According to a survey of pet owners by the American Pet Products Association, nearly 50 percent of people that own dogs also allow them to sleep in their beds with them. The same survey found that 62 percent of cats sleep with their owners as well.

If you aren’t allergic to cats or dogs, researchers seem to think it’s okay for them to be in your bed. However, there gets to be a certain point when another problem arises, which how pets can often disrupt your sleep. A study released by the Mayo Clinic Sleep Disorders Center found that about half the patients in the study had a dog or cat, and 53 percent of those pet owners said their pets disturbed their sleep in some way or another.

So, it’s advisable that if you don’t sleep well at night to begin with, it’s better to just keep the pets out of the bedroom.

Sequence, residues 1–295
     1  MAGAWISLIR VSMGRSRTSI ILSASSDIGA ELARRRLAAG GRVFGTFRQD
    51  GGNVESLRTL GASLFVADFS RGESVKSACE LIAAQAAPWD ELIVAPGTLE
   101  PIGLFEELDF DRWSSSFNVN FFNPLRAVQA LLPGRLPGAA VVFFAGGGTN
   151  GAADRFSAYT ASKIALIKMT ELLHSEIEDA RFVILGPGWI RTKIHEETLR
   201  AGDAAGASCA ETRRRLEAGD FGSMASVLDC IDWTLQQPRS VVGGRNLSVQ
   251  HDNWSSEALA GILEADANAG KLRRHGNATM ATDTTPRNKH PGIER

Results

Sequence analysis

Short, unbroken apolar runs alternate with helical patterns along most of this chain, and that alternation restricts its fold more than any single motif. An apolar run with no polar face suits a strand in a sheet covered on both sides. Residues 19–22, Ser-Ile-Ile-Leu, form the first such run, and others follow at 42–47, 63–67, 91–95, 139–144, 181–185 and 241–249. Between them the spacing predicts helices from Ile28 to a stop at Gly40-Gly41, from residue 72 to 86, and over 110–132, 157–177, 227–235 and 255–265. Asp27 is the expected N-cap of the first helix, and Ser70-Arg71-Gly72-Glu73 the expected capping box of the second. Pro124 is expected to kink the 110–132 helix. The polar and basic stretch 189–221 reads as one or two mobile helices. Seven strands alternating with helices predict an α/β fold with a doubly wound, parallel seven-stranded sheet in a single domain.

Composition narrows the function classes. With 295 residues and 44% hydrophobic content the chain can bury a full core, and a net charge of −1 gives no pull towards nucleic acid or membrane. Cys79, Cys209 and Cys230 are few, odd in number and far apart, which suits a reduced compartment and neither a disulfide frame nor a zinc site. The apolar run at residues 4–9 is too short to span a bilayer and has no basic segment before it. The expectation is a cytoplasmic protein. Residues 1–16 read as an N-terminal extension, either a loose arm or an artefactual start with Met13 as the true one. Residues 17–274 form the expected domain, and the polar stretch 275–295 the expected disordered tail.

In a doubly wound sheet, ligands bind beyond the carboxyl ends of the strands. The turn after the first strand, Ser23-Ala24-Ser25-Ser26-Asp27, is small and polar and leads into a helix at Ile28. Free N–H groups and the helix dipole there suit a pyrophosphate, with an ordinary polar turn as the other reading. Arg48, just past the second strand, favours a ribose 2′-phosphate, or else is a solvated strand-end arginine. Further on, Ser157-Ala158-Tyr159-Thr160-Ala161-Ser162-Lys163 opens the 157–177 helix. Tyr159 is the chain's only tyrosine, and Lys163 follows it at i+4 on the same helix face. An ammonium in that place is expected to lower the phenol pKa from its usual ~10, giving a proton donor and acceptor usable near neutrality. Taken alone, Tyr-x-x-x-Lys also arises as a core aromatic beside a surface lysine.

Other healthy sleep habits might include mediation at night before bed, which has been shown to greatly help fight insomnia and deal with stress and anxiety. It’s true that you can fall asleep better when you’re not stressed out and when there’s nothing that preoccupies your mind. Finding the opportunity to clear out your thoughts entirely and focus on your breathing could be the way to go to bed more quickly and efficiently.

Whatever the case may be, there should be a way for everyone to get a good night’s rest, especially for those working in the medical field that need to keep their minds sharp during the day (or night, depending on your shift). If for some reason you’ve exercised all your options and still can’t seem to catch a good night's rest, be sure to consult with your doctor as they may be able to help.